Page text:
“Canneseries proved to be a great launchpad for “When Heroes Fly,” because people from around the world discovered the series for the first time on a big screen with top conditions and gave it a large ovation,” said Alon Shtruzman, CEO of Keshet Intl, which is selling the series. He added that “buyers were motivated by positive word of mouth, Keshet recently selling the series in several markets.

In large contrast, however, an excoriating article in influential French newspaper Liberation slammed the new festival.

“Canneseries: the first edition of a festival where one’s n0t waiting for the second,” the headline ran of an article which slammed Cannes titles as “mothballed.”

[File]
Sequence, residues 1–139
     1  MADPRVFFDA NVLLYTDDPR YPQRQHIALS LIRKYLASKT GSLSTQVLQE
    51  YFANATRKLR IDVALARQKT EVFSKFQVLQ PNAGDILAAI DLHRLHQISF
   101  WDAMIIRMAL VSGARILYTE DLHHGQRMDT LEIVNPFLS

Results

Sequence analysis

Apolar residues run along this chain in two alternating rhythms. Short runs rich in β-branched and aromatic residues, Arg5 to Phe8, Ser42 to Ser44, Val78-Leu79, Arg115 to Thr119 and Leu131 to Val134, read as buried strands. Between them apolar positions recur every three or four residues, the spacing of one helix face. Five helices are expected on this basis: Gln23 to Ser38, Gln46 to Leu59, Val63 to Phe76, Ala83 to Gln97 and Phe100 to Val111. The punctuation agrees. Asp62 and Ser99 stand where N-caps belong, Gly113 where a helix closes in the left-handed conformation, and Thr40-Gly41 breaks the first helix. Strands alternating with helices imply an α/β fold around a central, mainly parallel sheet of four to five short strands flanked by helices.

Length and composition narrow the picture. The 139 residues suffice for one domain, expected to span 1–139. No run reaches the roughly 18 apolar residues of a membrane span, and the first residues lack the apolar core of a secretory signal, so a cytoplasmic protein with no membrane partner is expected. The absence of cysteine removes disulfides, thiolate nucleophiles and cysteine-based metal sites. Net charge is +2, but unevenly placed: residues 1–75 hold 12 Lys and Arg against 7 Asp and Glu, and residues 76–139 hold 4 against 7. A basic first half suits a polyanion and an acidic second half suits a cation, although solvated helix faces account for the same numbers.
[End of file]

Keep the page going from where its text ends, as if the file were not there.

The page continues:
Variety’s reviews of the two highest-profile titles at Canneseries, Sandra Oh’s “Killing Eve,” and Harlen Coban’s out of competition “Safe” starring “Dexter’s Michael C. Hall, were both thumbs up. Canneseries did well to score for competition the biggest new title coming out of Latin America: Gael Garcia Bernal’s Fox-backed “Here on Earth,” and “Where Heroes Fly,” a novel Israel/Colombia anti-war action thriller from one of Israeli on-the-rise showrunners Omri Given (“Hostages“).

What Canneseries lacked was a huge coup of the stature of Series Mania’s last year when it world premiered the opening episodes of the third and final season of HBO’s “The Leftovers,” with Damon Lindelof in attendance as Series Mania’s jury president.